|From the view of his
North College office, Rick Culliton, Dean of Campus Programs, can watch the
Suzanne Lemberg Usdan University
Center emerge from a hole in the ground to the centerpiece
of campus life. Culliton’s interest is more than just a situation of his
location. He’s also the center's director.
For the past few years, students, faculty and staff have been involved with
the design of the center. For the next two years, Culliton will work with
these constituents to bring the building to life.
“The Usdan University center will provide Wesleyan with a space that we've
never had before,” he says, glancing over schematics of the center’s new
ballroom and dining areas. “We want the University Center to be more than
bricks and mortar, we want it to be a place that is alive with activity and
programs involving students, staff and faculty.”
Culliton says his dual roles as dean and center director go hand-in-hand. He
works with several offices to create intentional co-curricular programs and
leadership development opportunities. The Usdan University Center will be
the 'hub' where many of these programs and activities take place.
As Dean of Campus Programs, Culliton regularly meets with students who have
questions or problems with some aspect of their life on campus. He works
with students who are initiating student-led programs and events. He also
meets with Wesleyan Student Assembly leaders to discuss student issues and
Culliton addresses students’ concerns with Maria Cruz-Saco, dean of the
college, and Michael Whaley, dean of Student Services. He oversees Student
Activities and Leadership Development, the Campus Center, Community Service
and Volunteerism, International Student Services and the university
chaplains, and meets with the directors of these offices.
"Rick Culliton will lead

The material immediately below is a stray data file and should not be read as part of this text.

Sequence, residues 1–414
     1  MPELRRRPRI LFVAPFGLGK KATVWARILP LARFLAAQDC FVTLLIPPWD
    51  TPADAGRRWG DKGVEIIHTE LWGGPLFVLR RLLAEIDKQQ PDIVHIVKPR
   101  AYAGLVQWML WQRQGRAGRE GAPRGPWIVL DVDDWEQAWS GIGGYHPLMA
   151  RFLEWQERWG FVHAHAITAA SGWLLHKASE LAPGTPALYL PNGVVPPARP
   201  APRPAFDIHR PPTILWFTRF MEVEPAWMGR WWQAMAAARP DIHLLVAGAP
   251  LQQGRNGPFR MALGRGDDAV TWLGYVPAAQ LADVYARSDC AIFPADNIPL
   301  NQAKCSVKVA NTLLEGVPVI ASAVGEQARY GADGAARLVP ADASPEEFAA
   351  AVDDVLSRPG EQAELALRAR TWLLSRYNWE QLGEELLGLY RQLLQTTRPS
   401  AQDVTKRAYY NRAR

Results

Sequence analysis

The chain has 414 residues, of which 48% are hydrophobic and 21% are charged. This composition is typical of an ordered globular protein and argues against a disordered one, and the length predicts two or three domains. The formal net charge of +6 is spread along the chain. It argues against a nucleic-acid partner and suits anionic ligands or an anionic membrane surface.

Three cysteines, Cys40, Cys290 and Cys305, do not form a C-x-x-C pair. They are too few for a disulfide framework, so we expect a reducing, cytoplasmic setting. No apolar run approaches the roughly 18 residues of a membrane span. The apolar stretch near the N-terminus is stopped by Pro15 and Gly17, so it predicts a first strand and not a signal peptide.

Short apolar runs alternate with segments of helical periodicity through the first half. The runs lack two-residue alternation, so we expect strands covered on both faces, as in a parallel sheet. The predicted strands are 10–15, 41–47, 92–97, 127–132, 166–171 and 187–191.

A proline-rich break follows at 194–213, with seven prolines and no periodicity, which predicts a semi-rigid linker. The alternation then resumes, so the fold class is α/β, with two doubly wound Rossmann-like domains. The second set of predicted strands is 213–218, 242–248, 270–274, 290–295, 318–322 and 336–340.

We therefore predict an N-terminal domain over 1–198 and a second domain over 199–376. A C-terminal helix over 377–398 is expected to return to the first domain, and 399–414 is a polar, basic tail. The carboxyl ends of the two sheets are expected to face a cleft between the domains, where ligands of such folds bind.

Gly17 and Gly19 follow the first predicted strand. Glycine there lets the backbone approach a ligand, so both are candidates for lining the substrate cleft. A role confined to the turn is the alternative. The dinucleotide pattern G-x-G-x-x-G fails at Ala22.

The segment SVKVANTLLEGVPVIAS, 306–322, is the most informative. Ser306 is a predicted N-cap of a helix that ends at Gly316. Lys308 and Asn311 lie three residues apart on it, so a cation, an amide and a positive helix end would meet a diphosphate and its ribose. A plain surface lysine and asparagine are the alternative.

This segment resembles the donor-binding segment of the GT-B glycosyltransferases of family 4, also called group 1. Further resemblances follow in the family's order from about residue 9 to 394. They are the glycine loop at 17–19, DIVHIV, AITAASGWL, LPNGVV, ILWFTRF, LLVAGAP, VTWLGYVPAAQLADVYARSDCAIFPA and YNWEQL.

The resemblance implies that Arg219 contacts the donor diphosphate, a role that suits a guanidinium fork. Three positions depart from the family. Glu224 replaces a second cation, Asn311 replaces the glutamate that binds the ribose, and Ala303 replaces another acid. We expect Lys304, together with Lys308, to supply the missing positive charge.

this year important conversations on the programmatic vision of the Usdan
University Center that will shape up the vision for this extraordinary
resource," Cruz Saco says. "Rick is also planning new student leadership
training opportunities including programs that enhance development of
essential capabilities such as effective citizenship through community
Culliton holds a bachelor’s degree in English and philosophy from Boston
College and a master’s and a doctorate in higher education administration
from the University of Vermont. He was the assistant to the vice president
for student affairs at Vermont before coming to Wesleyan in 2001.
“I was attracted to Wesleyan because it was a smaller institution with a
strong sense of community and a greater sense of purpose than many
colleges,” he says. “The students here are more engaged in programs on
campus which makes my job more interesting.”
His interest in campus life stems from his own experience as a student
leader. As an undergrad at Boston College, Culliton was president of the
student government. This experience, he says, helps him relate to students
at Wesleyan. He encourages students to participate in similar co-curricular
activities, so students can leave Wesleyan with more skills than those
developed in the classroom alone.
“My hope is that students learn from their leadership experiences here,” he
says. “It’s so important that they gain hands on experience facilitating
groups, setting agendas and meeting goals-all skills that they will use for
the rest of their lives."
Culliton lives in Glastonbury with his wife, Katie, and three daughters,
Emily, 8, Annie, 7, and Claire, 3. He tries to find time to play squash at
Freeman Athletic Center and spends most of his free time with his family,
going to his daughters’ soccer games and taking weekend trips.